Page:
Lung Cancer and Brain Tumor Survivor
Tiffany was a mother of two young children when she first faced cancer in 2012. She had been experiencing pain in her back, which she thought was a pinched nerve. To her surprise, an MRI revealed a tumor in her lung. It was Stage 3 lung cancer. And it shocked her.
Ten years earlier, her mother had been successfully treated for breast cancer at Moffitt, and she was able to get Tiffany a referral. The initial trauma of learning she had cancer was lessened by the attention she quickly received at Moffitt. “You are handled from the moment you walk in…people are gentle and kind and warm,” Tiffany says. “My husband works in the medical industry and says he’s never experienced a place like Moffitt,” she adds.
Shrinking her tumor required three rounds of chemo and surgery, which meant Tiffany would have to call forth incredible courage. “I’m going to have to dig deep…and be bigger than I ever wanted to be,” she remembers thinking. But through it all she never felt alone, and had a feeling everything would be okay. She has a special place in her heart for her surgeon, Dr. Robinson, who always made time for her—and assured her of the one thing that mattered most. “I think it was the first conversation,” she recalls, “and he said, ‘I’m going to make sure you’re around to raise your babies.’”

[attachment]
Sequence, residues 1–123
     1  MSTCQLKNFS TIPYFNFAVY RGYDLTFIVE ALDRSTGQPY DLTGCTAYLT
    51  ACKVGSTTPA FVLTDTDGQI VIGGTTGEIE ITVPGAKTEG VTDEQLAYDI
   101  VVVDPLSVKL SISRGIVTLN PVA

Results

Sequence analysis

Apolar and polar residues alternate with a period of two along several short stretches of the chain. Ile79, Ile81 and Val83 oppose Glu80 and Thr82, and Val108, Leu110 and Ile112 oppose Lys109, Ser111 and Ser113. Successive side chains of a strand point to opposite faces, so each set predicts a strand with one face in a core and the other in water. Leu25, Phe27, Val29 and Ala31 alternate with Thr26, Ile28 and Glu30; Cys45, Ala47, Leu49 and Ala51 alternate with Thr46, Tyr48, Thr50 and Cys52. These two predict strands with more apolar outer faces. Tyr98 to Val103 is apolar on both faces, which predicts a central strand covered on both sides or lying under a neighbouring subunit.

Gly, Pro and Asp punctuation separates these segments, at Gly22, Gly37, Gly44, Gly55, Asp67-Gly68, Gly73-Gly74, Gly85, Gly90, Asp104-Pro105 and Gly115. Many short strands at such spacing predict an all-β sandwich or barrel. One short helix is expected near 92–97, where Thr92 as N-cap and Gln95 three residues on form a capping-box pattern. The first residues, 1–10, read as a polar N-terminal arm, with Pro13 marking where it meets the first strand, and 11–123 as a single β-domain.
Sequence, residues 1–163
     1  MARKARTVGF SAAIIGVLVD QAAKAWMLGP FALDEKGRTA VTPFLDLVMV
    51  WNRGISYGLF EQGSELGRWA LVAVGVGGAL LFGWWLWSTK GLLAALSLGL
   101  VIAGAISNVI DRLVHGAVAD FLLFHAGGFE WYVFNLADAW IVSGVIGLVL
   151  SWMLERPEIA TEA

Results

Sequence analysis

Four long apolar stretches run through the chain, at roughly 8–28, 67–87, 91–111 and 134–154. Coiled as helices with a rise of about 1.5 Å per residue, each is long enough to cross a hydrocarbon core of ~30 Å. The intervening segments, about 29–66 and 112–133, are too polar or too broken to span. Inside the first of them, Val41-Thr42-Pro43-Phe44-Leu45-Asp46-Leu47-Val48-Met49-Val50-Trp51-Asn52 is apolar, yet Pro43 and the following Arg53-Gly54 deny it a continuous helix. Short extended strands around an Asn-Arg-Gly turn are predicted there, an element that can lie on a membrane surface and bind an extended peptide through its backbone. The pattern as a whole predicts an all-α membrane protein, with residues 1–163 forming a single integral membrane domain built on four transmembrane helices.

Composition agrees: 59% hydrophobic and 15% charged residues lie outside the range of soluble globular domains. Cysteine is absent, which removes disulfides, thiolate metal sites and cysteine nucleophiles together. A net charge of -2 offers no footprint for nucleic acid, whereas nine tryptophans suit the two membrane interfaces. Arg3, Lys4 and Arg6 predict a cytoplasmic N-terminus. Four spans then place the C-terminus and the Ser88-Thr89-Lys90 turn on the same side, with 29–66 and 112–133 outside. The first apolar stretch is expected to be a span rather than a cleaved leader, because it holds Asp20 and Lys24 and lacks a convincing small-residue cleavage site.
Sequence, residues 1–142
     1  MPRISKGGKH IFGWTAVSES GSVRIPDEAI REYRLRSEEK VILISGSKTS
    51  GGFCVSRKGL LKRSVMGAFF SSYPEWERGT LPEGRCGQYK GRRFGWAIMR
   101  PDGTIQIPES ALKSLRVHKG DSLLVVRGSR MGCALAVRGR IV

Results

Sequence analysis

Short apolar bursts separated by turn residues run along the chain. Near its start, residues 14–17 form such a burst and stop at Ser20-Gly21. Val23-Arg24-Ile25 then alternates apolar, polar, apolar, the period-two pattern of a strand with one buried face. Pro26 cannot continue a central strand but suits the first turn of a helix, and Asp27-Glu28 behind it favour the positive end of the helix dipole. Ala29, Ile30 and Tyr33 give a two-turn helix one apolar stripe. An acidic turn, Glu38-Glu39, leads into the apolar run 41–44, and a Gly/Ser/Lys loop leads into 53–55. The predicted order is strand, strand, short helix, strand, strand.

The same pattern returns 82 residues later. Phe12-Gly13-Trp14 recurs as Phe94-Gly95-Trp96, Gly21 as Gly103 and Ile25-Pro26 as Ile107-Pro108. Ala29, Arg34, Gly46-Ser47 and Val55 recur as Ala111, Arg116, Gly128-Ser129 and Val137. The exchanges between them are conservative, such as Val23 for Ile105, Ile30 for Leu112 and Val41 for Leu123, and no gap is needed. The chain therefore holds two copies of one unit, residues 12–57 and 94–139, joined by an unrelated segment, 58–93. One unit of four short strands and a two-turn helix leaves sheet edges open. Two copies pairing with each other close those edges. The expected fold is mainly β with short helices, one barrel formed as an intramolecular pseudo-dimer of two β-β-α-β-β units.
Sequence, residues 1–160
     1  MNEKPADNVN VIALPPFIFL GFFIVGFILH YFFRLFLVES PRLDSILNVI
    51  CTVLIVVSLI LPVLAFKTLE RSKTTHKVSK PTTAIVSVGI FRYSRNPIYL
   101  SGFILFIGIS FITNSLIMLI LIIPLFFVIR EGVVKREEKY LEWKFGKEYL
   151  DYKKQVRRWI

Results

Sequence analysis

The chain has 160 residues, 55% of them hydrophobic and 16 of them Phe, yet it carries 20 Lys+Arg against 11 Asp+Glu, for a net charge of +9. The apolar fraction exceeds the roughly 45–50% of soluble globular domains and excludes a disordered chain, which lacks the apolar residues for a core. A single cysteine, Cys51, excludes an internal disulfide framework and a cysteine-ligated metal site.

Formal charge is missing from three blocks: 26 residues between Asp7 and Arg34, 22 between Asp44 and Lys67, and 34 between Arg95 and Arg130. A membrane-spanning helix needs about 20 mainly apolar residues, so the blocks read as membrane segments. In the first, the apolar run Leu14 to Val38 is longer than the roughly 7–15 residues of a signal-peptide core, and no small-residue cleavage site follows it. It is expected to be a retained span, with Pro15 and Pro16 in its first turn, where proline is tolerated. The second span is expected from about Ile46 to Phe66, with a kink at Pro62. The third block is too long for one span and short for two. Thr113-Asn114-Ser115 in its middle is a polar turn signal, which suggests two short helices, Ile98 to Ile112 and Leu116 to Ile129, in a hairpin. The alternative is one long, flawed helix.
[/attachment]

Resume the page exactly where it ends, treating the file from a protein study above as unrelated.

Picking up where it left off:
Tiffany was feeling great more than a year after her surgery when she noticed a peculiar feeling in her arm. Knowing lung cancer can move to other parts of the body, she called her oncologist who told her to schedule an immediate MRI. She was terrified to learn she had a cherry-sized tumor on her brain that was pressing on the nerve that controlled one part of her body. Tiffany would need surgery. Again.
Within five days she had the surgery, which she notes was not nearly as traumatic as her earlier experience with cancer. “I knew it was going to be okay, I knew I was in great hands because I’d already had the experience,” she says. Now in remission, she feels a bond with her entire Moffitt cancer team. “They see you at your worst…they’re as much a part of the good news, the bad news, ups and downs as your family members,” she explains. “I could not have asked for a better experience.”